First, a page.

The Southern Poverty Law Center in Alabama is a nonprofit civil rights group that combats and monitors hate groups. Three years ago, it designated the Family Research Council, the group that Sprigg represents, as a hate group - a characterization the group stridently rejects.

Mark Potok,  a center spokesman, says there’s no shared definition of what constitutes hate speech.

“There is no legal meaning. It’s just a phrase,” Potok says. “Hate speech is in the ear of the beholder.”

'One of the most hated minorities?'

Intolerance may be difficult to define, but some evangelicals say they have become victims of intolerance because of their reverence for the Bible.

The conservative media culture is filled with stories about evangelicals being labeled as “extremists” for their belief that homosexuality is a sin.

Their sense of persecution goes beyond their stance on homosexuality. There are stories circulating of evangelical students being suspended for opposing homosexuality, a teacher fired for giving a Bible to a curious student, and the rise of anti-Christian bigotry.

A blogger at The American Dream asked in one essay:

“Are evangelical Christians rapidly becoming one of the most hated minorities in America?”

The reluctance of evangelicals to speak out against homosexuality is often cited as proof they are being forced into the closet.

Joe Carter, editor for The Gospel Coalition, an online evangelical magazine, wrote a blog post entitled “Debatable: Is the Christian Church a ‘Hate Group’?" He warned that young people will abandon “orthodox” Christian churches that teach that homosexuality is a sin for fear of being called haters.

“Faux civility, embarrassment, prudishness and a fear of expressing an unpopular opinion has caused many Christians to refrain from explaining how homosexual conduct destroys lives,” Carter wrote.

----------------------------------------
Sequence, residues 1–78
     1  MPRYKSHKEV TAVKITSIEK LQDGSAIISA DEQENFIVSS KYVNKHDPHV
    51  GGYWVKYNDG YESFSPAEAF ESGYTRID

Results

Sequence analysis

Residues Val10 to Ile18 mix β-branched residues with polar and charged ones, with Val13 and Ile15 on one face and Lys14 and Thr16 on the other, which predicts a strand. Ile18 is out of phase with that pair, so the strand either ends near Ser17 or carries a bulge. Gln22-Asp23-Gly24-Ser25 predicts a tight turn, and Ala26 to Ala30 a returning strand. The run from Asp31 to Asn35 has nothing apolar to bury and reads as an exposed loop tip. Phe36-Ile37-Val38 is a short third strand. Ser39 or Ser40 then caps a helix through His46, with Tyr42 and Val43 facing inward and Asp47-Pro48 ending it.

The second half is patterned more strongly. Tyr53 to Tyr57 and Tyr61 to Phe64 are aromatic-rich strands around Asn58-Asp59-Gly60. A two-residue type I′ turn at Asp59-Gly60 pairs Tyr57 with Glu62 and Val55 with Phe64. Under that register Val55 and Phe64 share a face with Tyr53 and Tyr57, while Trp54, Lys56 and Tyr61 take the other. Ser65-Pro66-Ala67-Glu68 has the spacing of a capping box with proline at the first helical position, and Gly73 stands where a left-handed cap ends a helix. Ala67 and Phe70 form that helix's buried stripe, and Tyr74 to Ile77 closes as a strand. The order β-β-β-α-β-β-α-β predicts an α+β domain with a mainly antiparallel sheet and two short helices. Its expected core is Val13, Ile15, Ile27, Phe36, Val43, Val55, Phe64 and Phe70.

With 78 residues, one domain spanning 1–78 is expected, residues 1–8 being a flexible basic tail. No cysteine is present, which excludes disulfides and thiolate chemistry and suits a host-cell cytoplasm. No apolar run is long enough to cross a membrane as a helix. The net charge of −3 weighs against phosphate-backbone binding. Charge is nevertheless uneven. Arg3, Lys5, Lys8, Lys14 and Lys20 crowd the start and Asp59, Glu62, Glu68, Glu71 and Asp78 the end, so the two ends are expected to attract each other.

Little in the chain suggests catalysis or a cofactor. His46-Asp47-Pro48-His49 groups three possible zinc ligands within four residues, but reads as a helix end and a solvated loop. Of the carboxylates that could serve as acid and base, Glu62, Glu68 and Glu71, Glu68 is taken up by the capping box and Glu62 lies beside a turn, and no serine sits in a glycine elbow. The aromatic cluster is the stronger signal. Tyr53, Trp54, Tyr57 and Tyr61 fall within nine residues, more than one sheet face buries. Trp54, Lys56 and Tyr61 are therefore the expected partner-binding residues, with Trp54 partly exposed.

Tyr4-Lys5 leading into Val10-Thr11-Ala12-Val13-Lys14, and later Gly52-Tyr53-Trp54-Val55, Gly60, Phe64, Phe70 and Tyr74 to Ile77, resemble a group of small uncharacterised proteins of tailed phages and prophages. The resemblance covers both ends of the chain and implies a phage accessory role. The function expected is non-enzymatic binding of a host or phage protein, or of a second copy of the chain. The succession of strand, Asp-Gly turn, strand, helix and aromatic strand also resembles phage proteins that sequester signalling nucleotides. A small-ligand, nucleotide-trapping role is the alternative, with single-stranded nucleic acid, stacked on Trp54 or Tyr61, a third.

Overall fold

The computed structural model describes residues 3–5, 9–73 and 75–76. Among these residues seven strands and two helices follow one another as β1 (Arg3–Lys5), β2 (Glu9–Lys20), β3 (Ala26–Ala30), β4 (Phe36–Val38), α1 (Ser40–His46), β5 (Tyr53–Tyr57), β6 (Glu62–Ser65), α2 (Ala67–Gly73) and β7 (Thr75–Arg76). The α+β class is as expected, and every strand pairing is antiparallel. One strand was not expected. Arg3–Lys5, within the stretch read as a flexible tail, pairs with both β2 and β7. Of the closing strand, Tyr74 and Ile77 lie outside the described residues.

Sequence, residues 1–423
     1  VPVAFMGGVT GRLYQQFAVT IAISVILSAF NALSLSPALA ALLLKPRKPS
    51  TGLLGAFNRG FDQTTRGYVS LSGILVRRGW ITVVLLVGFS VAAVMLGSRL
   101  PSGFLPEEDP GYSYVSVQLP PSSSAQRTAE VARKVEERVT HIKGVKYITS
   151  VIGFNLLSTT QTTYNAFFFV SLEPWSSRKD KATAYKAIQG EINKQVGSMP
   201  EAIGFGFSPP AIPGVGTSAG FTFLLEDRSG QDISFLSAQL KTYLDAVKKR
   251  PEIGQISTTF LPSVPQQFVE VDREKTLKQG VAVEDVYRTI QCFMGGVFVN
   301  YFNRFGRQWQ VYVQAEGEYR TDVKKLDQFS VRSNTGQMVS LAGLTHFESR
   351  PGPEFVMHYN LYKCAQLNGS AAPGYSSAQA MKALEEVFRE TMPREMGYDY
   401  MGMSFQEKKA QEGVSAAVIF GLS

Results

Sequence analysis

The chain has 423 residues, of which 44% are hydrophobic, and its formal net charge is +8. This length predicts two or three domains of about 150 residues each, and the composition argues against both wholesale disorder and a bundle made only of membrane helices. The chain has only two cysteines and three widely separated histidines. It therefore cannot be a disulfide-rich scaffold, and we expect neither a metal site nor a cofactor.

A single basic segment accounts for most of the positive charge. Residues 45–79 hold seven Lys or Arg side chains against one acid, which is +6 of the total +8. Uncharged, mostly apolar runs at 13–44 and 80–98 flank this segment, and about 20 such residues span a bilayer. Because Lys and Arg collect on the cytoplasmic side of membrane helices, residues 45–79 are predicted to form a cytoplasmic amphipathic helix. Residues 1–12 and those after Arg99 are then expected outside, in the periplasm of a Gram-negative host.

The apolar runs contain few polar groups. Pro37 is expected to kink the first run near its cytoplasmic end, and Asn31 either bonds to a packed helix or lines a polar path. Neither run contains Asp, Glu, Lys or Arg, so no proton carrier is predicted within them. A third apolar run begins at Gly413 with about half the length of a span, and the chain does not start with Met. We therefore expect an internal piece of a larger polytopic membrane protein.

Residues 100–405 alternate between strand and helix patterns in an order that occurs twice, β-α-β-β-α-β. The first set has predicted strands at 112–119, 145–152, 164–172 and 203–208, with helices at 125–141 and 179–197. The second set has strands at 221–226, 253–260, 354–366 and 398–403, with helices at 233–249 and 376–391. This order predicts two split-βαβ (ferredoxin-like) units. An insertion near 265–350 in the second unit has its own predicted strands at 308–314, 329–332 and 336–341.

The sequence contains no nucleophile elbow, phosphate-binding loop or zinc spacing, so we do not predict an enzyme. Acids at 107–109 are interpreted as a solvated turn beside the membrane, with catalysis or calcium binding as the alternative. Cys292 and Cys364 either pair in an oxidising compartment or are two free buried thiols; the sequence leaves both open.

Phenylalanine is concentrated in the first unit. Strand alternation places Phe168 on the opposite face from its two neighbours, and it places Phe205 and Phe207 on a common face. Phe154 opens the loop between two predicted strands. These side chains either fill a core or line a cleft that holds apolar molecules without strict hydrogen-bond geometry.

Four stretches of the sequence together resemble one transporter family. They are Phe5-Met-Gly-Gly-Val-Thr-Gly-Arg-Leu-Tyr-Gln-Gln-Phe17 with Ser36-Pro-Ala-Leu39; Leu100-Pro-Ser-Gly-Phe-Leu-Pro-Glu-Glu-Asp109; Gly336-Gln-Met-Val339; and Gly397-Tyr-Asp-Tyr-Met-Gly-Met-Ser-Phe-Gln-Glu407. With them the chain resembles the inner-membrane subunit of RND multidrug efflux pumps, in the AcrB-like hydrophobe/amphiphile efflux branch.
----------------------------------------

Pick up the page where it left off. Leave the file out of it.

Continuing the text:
Some Christians fear that opposing homosexuality could cause them to lose their jobs and “haunt them forever,” Carter says.

“It’s easier to just go along,” says Carter, who is also author of “How to Argue Like Jesus.” “You don’t want to be lumped in with the bigots. That’s a powerful word."

Edward Johnson, a communication professor at Campbell University in North Carolina, says we are now living in a "postmodern" era where everything is relative and there is no universally accepted truth. It's an environment in which anyone who says "this is right" and "that is wrong" is labeled intolerant, he says.

There was a time when a person could publicly say homosexuality was wrong and people could consider the statement without anger, he says. Today, people have reverted to an intellectual tribalism where they are only willing to consider the perspective of their own tribe.

“They are incapable of comprehending that someone may have a view different than theirs,” Johnson says. “For them anyone who dares to question the dogma of the tribe can only be doing so out of hatred.”

Sprigg, from the Family Research Council, says his condemnation of homosexual conduct does not spring from intolerance but a desire to protect gays from harmful conduct, he says.